Starter fertilizer in corn production has traditionally been recommended for fields with cool soil temperatures, including exceptionally early planted or no-till fields, or those with high residue cover. In cool soil conditions, starter fertilizer placed near the developing seed provides easily accessible nutrients until soil conditions improve and an adequate root system is established. Starter fertilizer has also been recommended for fields with low phosphorus levels, and research studies have proven the value of this practice. However, some growers seeking to exploit grain price opportunities are evaluating whether starter fertilizer can play a more prominent role in increasing corn yields.
Starter fertilizer is defined as small amounts of plant nutrients — nitrogen (N), phosphorus (P) and potassium (K) — placed in close proximity to the seed, usually at planting. Placement can be directly below, to the side, or to the side and below the seed. Growers sometimes consider broadcast or liquid fertilizer application to the soil surface as “starter”; however, these should not be included because nutrient placement is positionally unavailable to early seedling growth. To be a “starter,” nutrients must be strategically positioned to enhance early seedling vigor and development.
Starter fertilizer placed in contact with the seed (“pop-up” fertilizer) is another option, but its use requires a great deal of caution to avoid possible germination and seedling injury. The amount of pop-up that can safely be applied is limited and depends on the fertilizer used and soil properties. For example, starter fertilizer containing ammonium thiosulfate or urea ammonium nitrate (UAN) should not be placed in contact with the seed.
A starter fertilizer is usually composed of two or more nutrients. Under most situations, a combination of nitrogen and phosphorus constitutes an effective starter material. Liquid 10-34-0 and dry 18-46-0 are common starter fertilizer materials. Liquid 7-21-7 and dry 8-32-16 are also commonly used. Other fertilizer formulations may be used as starters. For example, the addition of zinc and/or sulfur may be warranted in sandy, low organic matter soils.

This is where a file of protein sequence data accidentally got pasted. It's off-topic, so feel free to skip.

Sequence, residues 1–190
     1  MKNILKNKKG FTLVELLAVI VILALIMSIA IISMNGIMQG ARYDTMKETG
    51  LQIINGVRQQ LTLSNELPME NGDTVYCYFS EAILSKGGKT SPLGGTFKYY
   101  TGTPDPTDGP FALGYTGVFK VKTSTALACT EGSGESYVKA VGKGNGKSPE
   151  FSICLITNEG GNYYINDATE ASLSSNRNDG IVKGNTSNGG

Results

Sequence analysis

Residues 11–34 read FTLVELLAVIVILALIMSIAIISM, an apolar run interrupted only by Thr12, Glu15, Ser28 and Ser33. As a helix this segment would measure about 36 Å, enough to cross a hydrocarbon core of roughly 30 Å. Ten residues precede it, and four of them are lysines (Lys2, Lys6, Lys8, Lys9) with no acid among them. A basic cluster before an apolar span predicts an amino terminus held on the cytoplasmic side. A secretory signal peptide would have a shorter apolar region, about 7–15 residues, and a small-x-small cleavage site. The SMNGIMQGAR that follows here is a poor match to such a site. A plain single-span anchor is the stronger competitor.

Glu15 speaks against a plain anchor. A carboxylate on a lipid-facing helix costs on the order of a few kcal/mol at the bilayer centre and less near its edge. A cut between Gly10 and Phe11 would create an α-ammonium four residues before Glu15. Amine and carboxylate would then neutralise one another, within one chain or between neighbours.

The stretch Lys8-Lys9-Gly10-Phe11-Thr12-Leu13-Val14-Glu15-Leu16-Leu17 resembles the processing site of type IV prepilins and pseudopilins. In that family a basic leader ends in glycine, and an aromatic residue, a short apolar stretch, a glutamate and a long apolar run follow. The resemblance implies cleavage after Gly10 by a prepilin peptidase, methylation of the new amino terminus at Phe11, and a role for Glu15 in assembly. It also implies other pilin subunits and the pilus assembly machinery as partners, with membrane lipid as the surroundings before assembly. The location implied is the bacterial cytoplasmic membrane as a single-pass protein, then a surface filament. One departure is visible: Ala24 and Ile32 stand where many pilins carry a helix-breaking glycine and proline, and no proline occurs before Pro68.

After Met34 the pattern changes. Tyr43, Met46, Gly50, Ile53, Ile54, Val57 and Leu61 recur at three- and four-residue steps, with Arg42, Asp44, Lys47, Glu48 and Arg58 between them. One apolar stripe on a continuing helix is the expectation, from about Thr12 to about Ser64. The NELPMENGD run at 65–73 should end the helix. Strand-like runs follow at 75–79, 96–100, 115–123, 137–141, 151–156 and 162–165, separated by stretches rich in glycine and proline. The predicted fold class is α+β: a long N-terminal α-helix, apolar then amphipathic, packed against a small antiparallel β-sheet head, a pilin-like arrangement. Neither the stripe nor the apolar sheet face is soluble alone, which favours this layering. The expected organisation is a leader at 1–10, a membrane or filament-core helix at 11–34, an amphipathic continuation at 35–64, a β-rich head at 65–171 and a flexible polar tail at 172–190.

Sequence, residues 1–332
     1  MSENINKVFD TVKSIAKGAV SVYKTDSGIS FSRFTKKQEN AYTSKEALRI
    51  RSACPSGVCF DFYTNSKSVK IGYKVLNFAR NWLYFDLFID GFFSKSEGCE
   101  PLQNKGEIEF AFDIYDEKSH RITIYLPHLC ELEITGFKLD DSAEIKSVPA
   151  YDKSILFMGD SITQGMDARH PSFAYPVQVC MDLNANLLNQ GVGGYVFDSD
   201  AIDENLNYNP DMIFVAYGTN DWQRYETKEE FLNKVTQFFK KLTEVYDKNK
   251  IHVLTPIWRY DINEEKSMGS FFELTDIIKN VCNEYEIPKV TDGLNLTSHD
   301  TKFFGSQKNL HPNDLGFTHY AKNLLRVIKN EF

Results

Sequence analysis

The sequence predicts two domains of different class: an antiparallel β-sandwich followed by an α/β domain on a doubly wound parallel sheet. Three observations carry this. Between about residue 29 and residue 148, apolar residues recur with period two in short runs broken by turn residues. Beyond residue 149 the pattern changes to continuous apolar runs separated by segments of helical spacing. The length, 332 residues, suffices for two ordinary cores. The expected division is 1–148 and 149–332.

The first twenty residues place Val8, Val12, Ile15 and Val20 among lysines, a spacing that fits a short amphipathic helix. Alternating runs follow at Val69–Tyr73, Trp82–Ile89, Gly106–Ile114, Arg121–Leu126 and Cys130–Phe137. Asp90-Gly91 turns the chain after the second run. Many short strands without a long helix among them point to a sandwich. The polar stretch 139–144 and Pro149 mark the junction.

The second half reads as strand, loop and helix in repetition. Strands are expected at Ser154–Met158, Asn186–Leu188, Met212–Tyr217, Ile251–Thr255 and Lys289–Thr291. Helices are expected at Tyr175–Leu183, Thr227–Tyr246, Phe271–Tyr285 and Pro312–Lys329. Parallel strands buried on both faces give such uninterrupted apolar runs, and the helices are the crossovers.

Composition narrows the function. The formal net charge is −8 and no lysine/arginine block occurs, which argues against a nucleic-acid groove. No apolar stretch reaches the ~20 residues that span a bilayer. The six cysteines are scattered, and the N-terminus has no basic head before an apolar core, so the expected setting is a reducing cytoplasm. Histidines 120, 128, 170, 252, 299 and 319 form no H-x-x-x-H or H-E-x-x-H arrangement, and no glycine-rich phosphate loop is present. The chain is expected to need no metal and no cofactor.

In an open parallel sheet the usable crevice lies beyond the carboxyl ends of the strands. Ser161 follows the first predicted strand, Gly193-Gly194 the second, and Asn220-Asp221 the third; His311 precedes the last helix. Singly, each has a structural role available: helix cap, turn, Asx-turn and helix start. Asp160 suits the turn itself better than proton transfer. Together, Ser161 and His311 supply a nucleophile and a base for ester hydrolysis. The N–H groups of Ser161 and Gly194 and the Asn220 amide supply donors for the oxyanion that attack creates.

Application of P as a starter fertilizer is usually more efficient than broadcast applications, especially for calcareous high pH soils or soils with inherently low P levels. For example, recommended P rates can be reduced by half when applied as a banded starter fertilizer compared to broadcast application. This is because banded starter applications result in less soil immobilization and more P available to the crop than broadcast applications, especially for high pH soils with low P levels. Use of a band-applied P starter is an especially appealing alternative to broadcast application when P based fertilizers are extremely expensive.
The rate at which a starter fertilizer can be applied depends upon the salt content or index of the fertilizer, proximity of starter to the seed and soil texture. Salt index is a function of the sum of the nitrogen, potassium and sulfur amounts present in the fertilizer. Products like ammonium polyphosphate (10-34-0) have a low salt index value (2.28 pounds per gallon), while ammonium thiosulfate (12-0-0-26) possesses a high salt index value (30.9 pounds per gallon). Salt damage is most pronounced when soil moisture is low, so adequate soil moisture at planting or rainfall after helps minimize salt injury. To diminish the probability of salt injury, avoid over-applying nitrogen, potassium or sulfur fertilizers close to the seed.
In summary, corn yield increases from starter fertilizer applications are most likely to occur:
- When cultural practices such as no-till or minimum tillage are utilized
- On coarse textured or low organic matter soils
- On poorly drained or cold soils
- On low testing P and K soils
- When nodal root systems are severally impeded by challenging growing conditions
- When soil pH is unusually high or low
- When substantial drought stress is likely
Higher corn prices and changes in farming practices (i.e., earlier planting) may create new roles for starter fertilizers beyond their traditional applications. One such role may be insurance against prolonged, unfavorable weather conditions occurring soon after planting. Growers and agronomists are encouraged to continue testing starter fertilizer in a variety of situations to further determine when and where these treatments may be most responsive.